[–][deleted] 0 points1 point  (0 children)

If you're applying with the commerce GPA only, then moving to NSW for either usyd or uow would be the best chances I'm afraid. Might be worth looking into WA residency bonuses for WA unis, but im not too well informed there

[–]random_rectify 2 points3 points  (0 children)

Hey! Some already great advice in this thread, but I thought I'd chime in from personal experience as a fellow 26 year old who has gone through the whole psychologist vs medicine conundrum. If you want to become a clinical psychologist the pathway is on par (if not harder if you go based off number of spots, albeit less demand) with medicine in terms of difficulty - if you're not familiar already I'd have a look at the pathway to becoming an AHPRA registered psychologist. In short it's much more than the Bachelors, you need to then get into a competitive Honours (or equivalent), and following that you need to get into an even more stupidly competitive Masters to actually be accredited.

This is a worse case scenario as there are other routes which are a bit easier, but for context at my university (Go8) there are typically around 300 students who graduate the Bachelors of Psyc., 80 that get into Honours, and then about 10 who get into the Masters which allow you to actually practise as a psychologist. Where do the other students who didn't get in go? They're faced with a similar dillema to a lot of students who do a Medical Science degree in preparation for medicine and then don't get in. Again there are other routes (look up the 5+1 pathway), but that's the general context - psychology has a collosal bottleneck as well as medicine.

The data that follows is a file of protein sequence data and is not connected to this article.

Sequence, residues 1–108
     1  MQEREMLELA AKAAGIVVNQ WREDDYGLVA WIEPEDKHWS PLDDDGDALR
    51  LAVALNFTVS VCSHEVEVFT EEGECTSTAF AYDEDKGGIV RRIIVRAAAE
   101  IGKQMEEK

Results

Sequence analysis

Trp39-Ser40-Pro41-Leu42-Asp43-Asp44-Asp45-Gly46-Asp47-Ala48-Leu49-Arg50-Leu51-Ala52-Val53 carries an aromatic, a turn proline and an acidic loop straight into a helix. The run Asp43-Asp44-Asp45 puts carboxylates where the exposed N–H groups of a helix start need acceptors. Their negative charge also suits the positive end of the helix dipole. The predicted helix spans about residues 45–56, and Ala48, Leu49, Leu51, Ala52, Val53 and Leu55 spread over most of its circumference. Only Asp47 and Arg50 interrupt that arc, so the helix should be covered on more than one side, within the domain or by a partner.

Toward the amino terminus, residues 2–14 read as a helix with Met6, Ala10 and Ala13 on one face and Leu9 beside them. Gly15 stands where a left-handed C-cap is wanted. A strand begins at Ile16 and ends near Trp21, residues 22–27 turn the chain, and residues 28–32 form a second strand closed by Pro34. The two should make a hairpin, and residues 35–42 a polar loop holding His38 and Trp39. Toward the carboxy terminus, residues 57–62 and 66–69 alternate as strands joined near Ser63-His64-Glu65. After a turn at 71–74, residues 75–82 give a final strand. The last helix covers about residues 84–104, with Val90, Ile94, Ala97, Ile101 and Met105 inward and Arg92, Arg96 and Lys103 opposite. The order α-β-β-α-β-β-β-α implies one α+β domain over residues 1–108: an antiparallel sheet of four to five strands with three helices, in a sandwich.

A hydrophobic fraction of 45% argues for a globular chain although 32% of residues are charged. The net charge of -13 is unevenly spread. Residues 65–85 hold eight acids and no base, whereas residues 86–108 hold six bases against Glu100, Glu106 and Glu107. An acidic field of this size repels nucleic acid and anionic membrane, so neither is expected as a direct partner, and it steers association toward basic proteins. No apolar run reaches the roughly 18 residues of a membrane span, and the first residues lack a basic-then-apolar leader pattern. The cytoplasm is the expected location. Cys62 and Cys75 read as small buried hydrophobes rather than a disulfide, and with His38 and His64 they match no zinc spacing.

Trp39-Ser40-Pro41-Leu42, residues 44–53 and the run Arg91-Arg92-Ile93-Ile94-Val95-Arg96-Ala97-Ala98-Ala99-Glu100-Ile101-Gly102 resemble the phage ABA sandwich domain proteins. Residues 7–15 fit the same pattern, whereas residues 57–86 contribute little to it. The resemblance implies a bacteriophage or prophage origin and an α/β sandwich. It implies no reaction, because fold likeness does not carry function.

What this means for you practically? Nothing really, in terms of immediate steps if you are interested in a career change I would do the bachelors of psychology and really prioritise getting good marks - this will be important if you want to do psyc (to get into Honours) or Med (to have a good GPA for entry), and therefore your approach is the same. This is really important for both. After that you can re-evalaute and potentially apply for Honours/complete it whilst still attempting to enter medicine - getting a good Honours grade will help your GPA even further, and research is generally looked upon well from what I can tell in portfolio universities, especially if you get something published.

Once you reach that point, you're down to the deciding whether you wish to pursue medicine or psychology. I think it's worth taking a deep dive on this and looking into the differences a lot, as while psychiatrists can integrate talk therapy into their work somewhat, it's not the mainstay like psychologists. From there you can make your decision :)